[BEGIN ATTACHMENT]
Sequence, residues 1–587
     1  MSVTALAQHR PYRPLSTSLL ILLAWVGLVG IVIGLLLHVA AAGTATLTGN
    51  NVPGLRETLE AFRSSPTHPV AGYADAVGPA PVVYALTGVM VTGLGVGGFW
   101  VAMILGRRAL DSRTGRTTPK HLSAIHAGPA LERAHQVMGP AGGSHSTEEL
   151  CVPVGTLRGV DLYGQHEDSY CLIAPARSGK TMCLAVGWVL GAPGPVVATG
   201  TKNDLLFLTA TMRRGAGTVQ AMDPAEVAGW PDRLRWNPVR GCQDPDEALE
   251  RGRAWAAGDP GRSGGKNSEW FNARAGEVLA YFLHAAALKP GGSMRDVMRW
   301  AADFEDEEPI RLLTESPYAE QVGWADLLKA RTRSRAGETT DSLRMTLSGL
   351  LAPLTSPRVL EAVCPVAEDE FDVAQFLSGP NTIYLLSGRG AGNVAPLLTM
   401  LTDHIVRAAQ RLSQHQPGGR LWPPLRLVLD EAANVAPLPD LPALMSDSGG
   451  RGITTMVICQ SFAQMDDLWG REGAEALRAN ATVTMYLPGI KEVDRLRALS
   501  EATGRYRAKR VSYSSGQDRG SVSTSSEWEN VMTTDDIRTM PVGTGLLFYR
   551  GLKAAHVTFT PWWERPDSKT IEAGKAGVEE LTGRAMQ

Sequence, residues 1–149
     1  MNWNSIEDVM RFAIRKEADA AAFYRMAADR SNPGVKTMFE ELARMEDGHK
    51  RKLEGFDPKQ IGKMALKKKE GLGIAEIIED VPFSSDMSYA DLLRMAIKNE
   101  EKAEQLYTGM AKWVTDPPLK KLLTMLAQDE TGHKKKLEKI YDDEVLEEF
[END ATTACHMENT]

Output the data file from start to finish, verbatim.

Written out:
Sequence, residues 1–587
     1  MSVTALAQHR PYRPLSTSLL ILLAWVGLVG IVIGLLLHVA AAGTATLTGN
    51  NVPGLRETLE AFRSSPTHPV AGYADAVGPA PVVYALTGVM VTGLGVGGFW
   101  VAMILGRRAL DSRTGRTTPK HLSAIHAGPA LERAHQVMGP AGGSHSTEEL
   151  CVPVGTLRGV DLYGQHEDSY CLIAPARSGK TMCLAVGWVL GAPGPVVATG
   201  TKNDLLFLTA TMRRGAGTVQ AMDPAEVAGW PDRLRWNPVR GCQDPDEALE
   251  RGRAWAAGDP GRSGGKNSEW FNARAGEVLA YFLHAAALKP GGSMRDVMRW
   301  AADFEDEEPI RLLTESPYAE QVGWADLLKA RTRSRAGETT DSLRMTLSGL
   351  LAPLTSPRVL EAVCPVAEDE FDVAQFLSGP NTIYLLSGRG AGNVAPLLTM
   401  LTDHIVRAAQ RLSQHQPGGR LWPPLRLVLD EAANVAPLPD LPALMSDSGG
   451  RGITTMVICQ SFAQMDDLWG REGAEALRAN ATVTMYLPGI KEVDRLRALS
   501  EATGRYRAKR VSYSSGQDRG SVSTSSEWEN VMTTDDIRTM PVGTGLLFYR
   551  GLKAAHVTFT PWWERPDSKT IEAGKAGVEE LTGRAMQ

Sequence, residues 1–149
     1  MNWNSIEDVM RFAIRKEADA AAFYRMAADR SNPGVKTMFE ELARMEDGHK
    51  RKLEGFDPKQ IGKMALKKKE GLGIAEIIED VPFSSDMSYA DLLRMAIKNE
   101  EKAEQLYTGM AKWVTDPPLK KLLTMLAQDE TGHKKKLEKI YDDEVLEEF